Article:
Now, in the first week of 2024, the Houthi missile attacks and piracy have attracted the attention of major powers around the world, many of whom have joined “Operation Prosperity Guardian”, in an attempt to guarantee safe passage through the Bab-el-Mandeb Strait…albeit too late for world shipping giant Maersk, who announced on January 5th that they were ordering all of their vessels not already in the Red Sea to divert around southern Africa’s Cape of Good Hope, to avoid the fighting. While this, alone, will cause serious disruptions to global trade, many more cargo carrier lines are virtually certain to not take the risk and divert their vessels, for the same reason as Maersk. This could easily lead to a reprise of the shipping disruptions that happened at the height of the COVID pandemic.
As a result, there are increasingly serious calls within Washington circles to attack Iran directly, as they are the Houthi’s major source of money and weapons. This would be a Godsend to neo-con chickenhawks desperate to finally get the United States into their long-desired war with Iran…
…Which brings us back to Ethiopia’s moves on its future access to the Red Sea.
Ethiopia has three options: they can a) maintain the status quo, with limited access to world shipping solely through Djibouti’s port; b) conclude their deal to access breakaway Somaliland’s ports; or – c) invade at least part of Eritrea, to capture at least that nation’s port of Assab.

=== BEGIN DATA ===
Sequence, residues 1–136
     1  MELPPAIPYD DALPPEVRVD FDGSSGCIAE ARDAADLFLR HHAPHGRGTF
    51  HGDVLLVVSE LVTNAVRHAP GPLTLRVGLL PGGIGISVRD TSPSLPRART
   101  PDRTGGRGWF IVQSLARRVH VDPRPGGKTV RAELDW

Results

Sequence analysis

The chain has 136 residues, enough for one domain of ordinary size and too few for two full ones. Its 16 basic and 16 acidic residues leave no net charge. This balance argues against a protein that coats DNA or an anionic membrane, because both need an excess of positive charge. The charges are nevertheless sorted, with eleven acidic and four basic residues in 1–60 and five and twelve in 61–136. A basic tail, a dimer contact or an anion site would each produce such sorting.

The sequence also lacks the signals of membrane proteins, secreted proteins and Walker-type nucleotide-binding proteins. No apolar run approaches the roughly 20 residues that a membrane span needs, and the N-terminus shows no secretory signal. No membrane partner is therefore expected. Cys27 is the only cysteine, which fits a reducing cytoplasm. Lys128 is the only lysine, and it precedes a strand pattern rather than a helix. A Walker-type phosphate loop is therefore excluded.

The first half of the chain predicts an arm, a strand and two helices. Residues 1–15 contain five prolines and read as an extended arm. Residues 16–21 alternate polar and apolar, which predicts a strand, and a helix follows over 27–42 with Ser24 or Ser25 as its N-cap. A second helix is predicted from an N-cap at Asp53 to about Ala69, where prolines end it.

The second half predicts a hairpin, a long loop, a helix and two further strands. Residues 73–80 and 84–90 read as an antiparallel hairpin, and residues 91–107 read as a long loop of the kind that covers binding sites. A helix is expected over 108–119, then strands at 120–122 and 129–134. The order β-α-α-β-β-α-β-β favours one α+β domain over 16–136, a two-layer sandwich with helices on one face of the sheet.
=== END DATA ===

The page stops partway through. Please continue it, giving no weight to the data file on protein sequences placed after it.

Obviously, the status quo is not working for Ethiopia; if it were, there would have been no need for the deal with Somaliland. Djibouti’s port is increasingly limited in capacity, and has little physical room to expand operations, which will soon severely stunt Ethiopia’s economic output…Conversely, the deal with Somaliland risks war with Somalia, as recognition of Somaliland’s independence would almost certainly gut Somalia’s hopes at stabilizing their nation, which was only reunified in 2012. Somalia would have to launch a military campaign to invade the territory to bring it to heel, presenting Ethiopia with the option of going to war with Somalia in support of a breakaway province, something Ethiopia would be loath to encourage, considering recent history.
As well, invading Eritrea to capture Assab carries significant risks on its own, because – all other things being equal in the absence of the current conflict in the Bab-el-Mandeb – Ethiopia could well face a UN-led coalition of military powers “riding to the rescue” of what has been described as the “North Korea of Africa”.
None of these seem like viable solutions, on their own…Unless the world is focused on a different series of conflicts that would combine to divert attention away from Ethiopia “readjusting” the local map, and allowing Addis Ababa to present the world with a fait accompli in the aftermath of the Houthi’s inevitable neutralization, as well as the likelihood of a massive US-Iran war…
…While the foregoing may sound like the implication of a dastardly plot on Ethiopia’s part, it is not…well, mostly “not.” But, the timeline of Ethiopia’s rhetoric regarding its right-to-access to the Red Sea is certainly suspicious, and indicates some level of foreknowledge of events beginning ion October of 2023, and having active plans and options ready to go.
There are plenty of players in this global chess tournament, and too many “leaders” in the West – and elsewhere – are arrogantly blind to the knives in the dark, thinking that “bit players” cannot harm them.
…Rather like Britain, France and the United States from the 1950’s to the 1980’s.
Word to the wise.